About Me

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Washington, United States
loves: you win if you guessed "pets" and "museums". Also books, art history, travel, British punk, Korean kimchi, bindis, martinis, and other things TBD. I will always make it very clear if a post is sponsored in any way. Drop me a line at thepetmuseum AT gmail.com !

Friday, April 29, 2016

a friday miscellany

If it's Friday, that means it's time for the ever-amazing Link Dump over at Strange Company.  There's always a few choice and curious links about pets in history there, and this week's no exception.  Be sure to look for Toby the million-dollar poodle; the unfortunate mad dogs of London; and a 19th-c consideration of animal welfare.  (Last week's link dump included the Rabbit of Doom, Buzzer the Cat, and an ancient dog pound.)  If you're a fan of the little dark curiosities of times past, you'll have fun over at StrangeCo.

Thursday, April 28, 2016

poem for a rescued donkey

british library (PD)
From the French Symbolist writer Leon Cladel (1834-1892) here is a lyrical poem of gratitude - an ass for his rescuer, a man for the gentle friendship of another creature.

My Ass

The cross was on his hide for all to see:
A mangy skeleton, scarred, scabbed and bowed,
Waiting the knacker's mercy. From the crowd
Five shillings ransomed him. He lives with me.

My lawns are by his busy tongue caressed;
His eyes reflect the shadowy trees that grow
Between the broad roofs and the sunset glow;
His patient sober body takes its rest.

When I draw near he welcomes me with glee,
With solemn antics, with tempestuous brays,
And pulsing nostrils sweet with lavender.

My little ass, be happy! and be free!
Eat, drink, and doze, enjoying all your days
Honour and liberty and provender.

-- Translated by Stella Browne, in Lloyd, B. (1921). The great kinship: an anthology of humanitarian poetry. London: G. Allen & Unwin ltd. 127.

Wednesday, April 27, 2016

vintage wednesday

LOC, Gift; Harris & Ewing, Inc. 1955.
Why not Wordless?  Because I wanted to explain that this vintage find from the Library of Congress was taken January 26, 1923, and features the "Largest & smallest dog at a dog show."  I don't get a similar sense of larky fun at today's dog shows.  (Plus - look at her awesome knickerbockers there on the left.)

Tuesday, April 26, 2016

such a bright face

image courtesy and by kindest permission of the artist
I find longhaired chihuahuas such vivid, bigger than life creatures.  So does the artist behind the Etsy shop BentNotBroken, whose work is electric closeups of friends of all breeds.  German Wirehair?  Cockapoo? Your basic ginger and white cat?  Ah, not so basic when portrayed in strong, bright brushstrokes.  Maybe this is what pet auras would look like if we could see them.

Monday, April 25, 2016

still sleepy

found on pinterest, believed PD
Henriette Ronner-Knip, "Sleeping Dog."  (Excellent bio of Ronner-Knip here.)  Though she became justly famed for her cat paintings, her technical ability and sympathetic feeling was also well shown when it came to dogs.  No story or props necessary here, only an ordinary dog (as if there were such a thing) at rest.  The rough fur on the nape is perfection.  Sometimes the simplest images are the best.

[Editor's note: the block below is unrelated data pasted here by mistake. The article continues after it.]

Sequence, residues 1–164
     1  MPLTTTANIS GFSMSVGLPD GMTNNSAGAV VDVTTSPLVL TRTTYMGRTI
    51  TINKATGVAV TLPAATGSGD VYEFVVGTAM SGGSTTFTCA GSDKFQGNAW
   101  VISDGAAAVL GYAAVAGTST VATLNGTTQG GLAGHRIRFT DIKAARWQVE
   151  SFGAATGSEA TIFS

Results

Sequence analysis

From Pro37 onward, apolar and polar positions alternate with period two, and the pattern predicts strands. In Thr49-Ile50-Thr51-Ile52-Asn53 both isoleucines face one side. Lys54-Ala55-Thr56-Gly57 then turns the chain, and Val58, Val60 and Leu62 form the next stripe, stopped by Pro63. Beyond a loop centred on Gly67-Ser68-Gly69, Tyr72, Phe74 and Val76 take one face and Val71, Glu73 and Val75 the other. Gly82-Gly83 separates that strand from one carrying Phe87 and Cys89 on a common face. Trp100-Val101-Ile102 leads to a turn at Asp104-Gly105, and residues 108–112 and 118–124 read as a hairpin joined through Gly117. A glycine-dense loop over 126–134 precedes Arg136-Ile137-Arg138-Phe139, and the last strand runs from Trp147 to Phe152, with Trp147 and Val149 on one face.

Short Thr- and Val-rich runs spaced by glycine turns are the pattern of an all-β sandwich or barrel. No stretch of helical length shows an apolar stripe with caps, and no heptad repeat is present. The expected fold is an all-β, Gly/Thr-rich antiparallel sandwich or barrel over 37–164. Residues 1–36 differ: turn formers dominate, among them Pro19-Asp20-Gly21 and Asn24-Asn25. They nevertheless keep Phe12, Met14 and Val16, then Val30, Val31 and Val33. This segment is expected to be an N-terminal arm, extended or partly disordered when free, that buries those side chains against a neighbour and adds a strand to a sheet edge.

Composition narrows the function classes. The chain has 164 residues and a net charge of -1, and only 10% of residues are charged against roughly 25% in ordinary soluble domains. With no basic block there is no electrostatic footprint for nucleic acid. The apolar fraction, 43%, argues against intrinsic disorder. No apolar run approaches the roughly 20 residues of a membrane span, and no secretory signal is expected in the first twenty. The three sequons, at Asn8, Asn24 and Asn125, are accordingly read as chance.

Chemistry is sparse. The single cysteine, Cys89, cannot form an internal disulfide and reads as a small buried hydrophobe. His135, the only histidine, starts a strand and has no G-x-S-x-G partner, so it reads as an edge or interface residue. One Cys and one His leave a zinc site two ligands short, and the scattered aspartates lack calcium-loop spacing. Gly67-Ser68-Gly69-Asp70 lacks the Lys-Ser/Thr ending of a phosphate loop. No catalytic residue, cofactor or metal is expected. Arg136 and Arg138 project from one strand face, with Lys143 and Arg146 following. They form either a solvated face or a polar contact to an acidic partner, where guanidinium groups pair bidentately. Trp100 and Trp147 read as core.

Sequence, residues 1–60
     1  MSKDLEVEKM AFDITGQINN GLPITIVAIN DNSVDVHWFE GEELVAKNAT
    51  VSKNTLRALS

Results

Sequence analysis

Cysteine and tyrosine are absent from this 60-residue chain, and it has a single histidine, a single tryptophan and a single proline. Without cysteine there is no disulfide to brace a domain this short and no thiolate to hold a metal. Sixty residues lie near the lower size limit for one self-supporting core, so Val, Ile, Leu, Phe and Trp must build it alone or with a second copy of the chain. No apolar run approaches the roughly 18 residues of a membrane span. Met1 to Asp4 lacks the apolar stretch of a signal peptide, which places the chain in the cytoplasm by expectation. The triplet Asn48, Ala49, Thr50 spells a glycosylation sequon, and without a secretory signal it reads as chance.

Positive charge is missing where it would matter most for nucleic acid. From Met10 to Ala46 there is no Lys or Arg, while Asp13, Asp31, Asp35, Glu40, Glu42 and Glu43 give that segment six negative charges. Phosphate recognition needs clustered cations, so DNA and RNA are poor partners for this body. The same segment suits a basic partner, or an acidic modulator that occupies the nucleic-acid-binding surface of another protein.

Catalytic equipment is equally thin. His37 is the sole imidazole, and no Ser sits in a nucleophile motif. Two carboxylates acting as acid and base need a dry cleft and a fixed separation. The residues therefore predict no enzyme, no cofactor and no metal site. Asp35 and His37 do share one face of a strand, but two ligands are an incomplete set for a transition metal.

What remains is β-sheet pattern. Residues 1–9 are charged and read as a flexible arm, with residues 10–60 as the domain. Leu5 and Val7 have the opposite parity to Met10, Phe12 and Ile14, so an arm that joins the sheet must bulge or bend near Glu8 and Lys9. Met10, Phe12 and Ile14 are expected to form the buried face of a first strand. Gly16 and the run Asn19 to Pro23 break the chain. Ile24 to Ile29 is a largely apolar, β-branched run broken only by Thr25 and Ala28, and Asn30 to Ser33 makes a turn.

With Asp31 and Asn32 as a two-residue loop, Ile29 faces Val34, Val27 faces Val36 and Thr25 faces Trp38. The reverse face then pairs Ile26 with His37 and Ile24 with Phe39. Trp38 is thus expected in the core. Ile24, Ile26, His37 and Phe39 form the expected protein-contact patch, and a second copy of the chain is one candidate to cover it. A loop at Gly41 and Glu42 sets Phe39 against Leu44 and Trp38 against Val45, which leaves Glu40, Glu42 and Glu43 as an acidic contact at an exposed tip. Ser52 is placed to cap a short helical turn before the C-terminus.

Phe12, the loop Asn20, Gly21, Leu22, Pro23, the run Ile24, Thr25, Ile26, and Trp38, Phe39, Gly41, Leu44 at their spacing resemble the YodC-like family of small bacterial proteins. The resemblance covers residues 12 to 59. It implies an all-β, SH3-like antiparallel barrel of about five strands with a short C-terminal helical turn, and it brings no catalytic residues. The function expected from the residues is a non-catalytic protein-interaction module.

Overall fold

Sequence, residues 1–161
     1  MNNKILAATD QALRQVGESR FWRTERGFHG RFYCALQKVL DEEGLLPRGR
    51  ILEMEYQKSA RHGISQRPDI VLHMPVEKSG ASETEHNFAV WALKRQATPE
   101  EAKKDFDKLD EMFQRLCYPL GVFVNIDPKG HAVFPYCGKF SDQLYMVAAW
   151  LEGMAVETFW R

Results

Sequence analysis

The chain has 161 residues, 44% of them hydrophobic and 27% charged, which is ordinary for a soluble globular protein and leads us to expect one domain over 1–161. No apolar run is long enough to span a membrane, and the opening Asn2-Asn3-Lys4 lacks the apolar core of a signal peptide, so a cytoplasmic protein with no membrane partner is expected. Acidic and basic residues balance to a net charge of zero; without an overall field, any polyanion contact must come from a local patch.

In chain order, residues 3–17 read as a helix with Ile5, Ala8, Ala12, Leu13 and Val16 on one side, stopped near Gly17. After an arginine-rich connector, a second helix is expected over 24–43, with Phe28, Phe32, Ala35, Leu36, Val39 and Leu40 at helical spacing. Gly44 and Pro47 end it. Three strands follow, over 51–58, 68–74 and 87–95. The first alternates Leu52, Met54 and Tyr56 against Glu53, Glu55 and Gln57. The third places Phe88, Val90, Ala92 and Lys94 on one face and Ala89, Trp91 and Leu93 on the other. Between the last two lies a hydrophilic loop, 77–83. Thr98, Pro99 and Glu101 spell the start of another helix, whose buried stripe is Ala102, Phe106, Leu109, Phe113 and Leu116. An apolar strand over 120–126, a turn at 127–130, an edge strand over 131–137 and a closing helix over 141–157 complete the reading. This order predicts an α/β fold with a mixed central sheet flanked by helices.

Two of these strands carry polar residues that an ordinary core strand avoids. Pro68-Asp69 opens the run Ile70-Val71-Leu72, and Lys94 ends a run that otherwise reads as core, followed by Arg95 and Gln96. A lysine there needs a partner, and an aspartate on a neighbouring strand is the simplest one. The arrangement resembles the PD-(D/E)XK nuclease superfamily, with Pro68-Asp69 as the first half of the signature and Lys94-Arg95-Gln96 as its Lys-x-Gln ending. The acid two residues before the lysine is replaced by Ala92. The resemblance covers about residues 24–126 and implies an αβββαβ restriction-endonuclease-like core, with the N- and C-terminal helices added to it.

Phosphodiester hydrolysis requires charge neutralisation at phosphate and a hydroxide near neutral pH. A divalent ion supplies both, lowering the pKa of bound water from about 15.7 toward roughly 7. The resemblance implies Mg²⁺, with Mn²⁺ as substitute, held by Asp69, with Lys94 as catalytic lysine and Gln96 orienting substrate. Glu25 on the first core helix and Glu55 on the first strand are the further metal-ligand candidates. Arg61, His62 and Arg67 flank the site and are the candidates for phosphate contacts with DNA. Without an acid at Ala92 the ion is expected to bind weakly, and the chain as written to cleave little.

Sunday, April 24, 2016

zzz neko

Gift of Miss Lucy T. Aldrich, www.mfa.org
I should confess right up front that I'm devastated by Prince's death (here's what I am listening to as I write this post).  Like David Bowie, Prince was a huge part of the culture that shaped my youthful outlook; unlike David Bowie, Prince was behind some of my least smart but most enjoyable decisions.  (Bowie was behind the most tasteful.)  All that sounds very analytical.  What actually happened was that I found out at work and promptly burst into tears.
This led me to look for something elegant and serene today (now I'm listening to this), and here's the result: a woodblock print of a "Sleeping Cat" by Gyosai (Kawanabe Kyosai, 1831-89).  Gyosai was known for the gusto and exuberance of his nature and much of his work, but was also capable of quieter work that showcased his technical excellence.  This is one.  There is not one false stroke in this print, and the choice of a simple fade in the background is perfect.  Anything more complicated would spoil its peace.

Friday, April 22, 2016


© Trustees of the British Museum (CC BY-NC-SA 4.0) 
Here is a fine woodblock print by Thomas Bewick (British, 1753-1828), who was a master of the craft.  It's unknown whose hand added the notation "mad dog" in ink - poor creature.

Thursday, April 21, 2016

two wiggly kittens

found on pinterest and believed PD 
Two gorgeous white-bellied kittens show very different approaches to the world:  one snuggles next to their person's shoulder to peek from a safe vantage point, while the other looks a little more impatient to get away and take it all on.  Against the plain, dark background the trio shines like an icon.  This is a quiet and affectionate work, "Girl Holding Two Cats," by Swiss artist Albert Anker (1831-1910).  Anker was known for simple scenes of life among ordinary folk and for still lifes, created with a calm light that makes subjects glow in the sheer radiance of being.  By the way, look at that light periwinkle smock she's wearing.  I've rarely seen such a serene shade of blue.